“Just one word … plastics,” the statement that alone can summarize Mike Nichols’ 1967 film, The Graduate. However, when Mr. McQuire tells the movie’s main character, Ben Braddock, that there is "a great future in plastics" he finds it irrelevant and escapes to be alone in his room. However this comment surreptitiously creates a parallel to everything we see in Ben’s life. Whether it be the apprehensive relationship with his parents, an alienated affair with Mrs. Robinson, or the near unsuccessful pursuit in finding the man within, the film conveys a strong sense of how fear and self doubt can lead to the ultimate downfall in a person.
Over zealous, and a tendency to meddle, Mr. and Mrs. Braddock are aimlessly suffocating their son. Sculpting and molding his life to their vision of the ideal son, creating a flawless lifestyle for outsiders to see, as though he were plastic. However in creating this artificial life they deprive him of growing into the socially confident man he so desperately wants to be. Such as when Ben indicates the he is “a little worried about [his] future” Mr. Braddock simply pays no attention and continues to push him into awkward social events. It then becomes clear to the audience that Ben is nothing more than a personal puppet to his parents, one that fulfills everything they ask and never defies them. That is why we often find Benjamin sitting carelessly alone and deeply focused upon his fish tank, the only element in his life that we feel he has control over.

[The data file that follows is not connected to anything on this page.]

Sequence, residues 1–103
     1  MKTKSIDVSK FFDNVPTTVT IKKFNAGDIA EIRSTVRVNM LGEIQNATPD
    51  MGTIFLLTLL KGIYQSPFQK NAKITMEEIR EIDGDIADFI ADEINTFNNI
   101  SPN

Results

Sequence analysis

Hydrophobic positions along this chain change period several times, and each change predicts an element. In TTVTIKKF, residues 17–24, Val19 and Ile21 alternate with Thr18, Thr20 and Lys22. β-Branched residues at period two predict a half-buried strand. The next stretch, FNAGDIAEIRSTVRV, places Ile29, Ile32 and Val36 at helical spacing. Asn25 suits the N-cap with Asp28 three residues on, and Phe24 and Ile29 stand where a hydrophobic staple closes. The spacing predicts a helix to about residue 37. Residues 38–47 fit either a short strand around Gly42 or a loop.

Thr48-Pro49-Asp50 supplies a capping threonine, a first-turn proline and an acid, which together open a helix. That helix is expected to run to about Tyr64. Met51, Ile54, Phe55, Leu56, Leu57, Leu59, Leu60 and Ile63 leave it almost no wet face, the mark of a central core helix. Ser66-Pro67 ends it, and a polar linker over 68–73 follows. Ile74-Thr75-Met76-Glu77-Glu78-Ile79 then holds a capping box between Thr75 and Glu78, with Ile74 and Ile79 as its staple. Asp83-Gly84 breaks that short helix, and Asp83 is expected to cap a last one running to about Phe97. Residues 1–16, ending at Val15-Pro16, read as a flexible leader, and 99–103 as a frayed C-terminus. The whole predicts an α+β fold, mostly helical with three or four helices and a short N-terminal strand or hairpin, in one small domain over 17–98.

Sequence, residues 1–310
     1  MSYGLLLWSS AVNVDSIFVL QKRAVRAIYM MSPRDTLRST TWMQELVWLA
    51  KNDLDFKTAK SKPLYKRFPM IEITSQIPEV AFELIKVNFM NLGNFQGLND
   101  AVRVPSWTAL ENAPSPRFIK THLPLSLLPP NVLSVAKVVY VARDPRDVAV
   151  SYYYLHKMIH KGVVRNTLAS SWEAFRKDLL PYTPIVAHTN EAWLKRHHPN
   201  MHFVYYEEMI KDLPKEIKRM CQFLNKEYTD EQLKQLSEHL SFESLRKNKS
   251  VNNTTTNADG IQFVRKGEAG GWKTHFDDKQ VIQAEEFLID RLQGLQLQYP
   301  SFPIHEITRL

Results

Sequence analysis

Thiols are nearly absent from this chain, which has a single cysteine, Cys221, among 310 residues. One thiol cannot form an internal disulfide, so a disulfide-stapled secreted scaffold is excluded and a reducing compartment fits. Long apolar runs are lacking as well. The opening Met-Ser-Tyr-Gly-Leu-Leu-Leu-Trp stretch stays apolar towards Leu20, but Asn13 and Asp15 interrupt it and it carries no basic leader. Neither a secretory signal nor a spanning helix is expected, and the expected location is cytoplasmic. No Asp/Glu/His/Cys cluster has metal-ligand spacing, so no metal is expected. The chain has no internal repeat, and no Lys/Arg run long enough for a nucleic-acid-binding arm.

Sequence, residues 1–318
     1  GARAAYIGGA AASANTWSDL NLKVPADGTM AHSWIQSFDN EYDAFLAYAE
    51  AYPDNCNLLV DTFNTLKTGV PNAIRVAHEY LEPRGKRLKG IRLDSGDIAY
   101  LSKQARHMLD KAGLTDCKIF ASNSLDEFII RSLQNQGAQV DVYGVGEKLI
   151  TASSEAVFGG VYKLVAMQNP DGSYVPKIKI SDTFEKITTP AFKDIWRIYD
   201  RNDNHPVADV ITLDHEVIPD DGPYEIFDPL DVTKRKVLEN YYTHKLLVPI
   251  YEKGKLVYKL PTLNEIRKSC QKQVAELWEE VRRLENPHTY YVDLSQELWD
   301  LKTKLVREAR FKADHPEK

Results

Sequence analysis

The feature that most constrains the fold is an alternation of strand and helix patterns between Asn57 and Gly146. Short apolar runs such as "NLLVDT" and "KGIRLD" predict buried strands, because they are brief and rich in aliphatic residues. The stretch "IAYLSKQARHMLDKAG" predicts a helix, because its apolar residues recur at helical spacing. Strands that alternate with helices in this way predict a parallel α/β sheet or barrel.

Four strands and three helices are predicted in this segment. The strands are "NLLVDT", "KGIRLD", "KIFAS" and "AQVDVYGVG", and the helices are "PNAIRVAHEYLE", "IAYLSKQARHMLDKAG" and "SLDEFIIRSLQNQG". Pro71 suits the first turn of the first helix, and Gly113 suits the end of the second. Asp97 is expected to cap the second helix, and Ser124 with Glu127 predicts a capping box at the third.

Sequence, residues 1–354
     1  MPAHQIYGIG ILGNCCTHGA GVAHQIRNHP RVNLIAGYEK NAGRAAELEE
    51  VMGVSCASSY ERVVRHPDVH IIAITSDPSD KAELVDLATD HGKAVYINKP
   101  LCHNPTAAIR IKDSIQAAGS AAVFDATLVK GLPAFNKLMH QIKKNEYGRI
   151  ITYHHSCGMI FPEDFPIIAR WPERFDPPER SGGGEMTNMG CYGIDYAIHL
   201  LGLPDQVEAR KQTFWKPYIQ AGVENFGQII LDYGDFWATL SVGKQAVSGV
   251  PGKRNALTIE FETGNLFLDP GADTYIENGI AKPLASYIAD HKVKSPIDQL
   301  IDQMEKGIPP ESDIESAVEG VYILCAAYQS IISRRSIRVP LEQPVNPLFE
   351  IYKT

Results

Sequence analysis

Time after time Benjamin is seen backing down to people of higher stature, such as his parents and their friends, so it does not take long before the viewers can presume he is not one for confrontation. We can also assume by Ben’s apparent awkward and isolated personality that to this point he has led a dull conservative life, quick to turn down any exciting opportunities to come his way. This is why, at a party his parents throw, Ben appears to almost be in...
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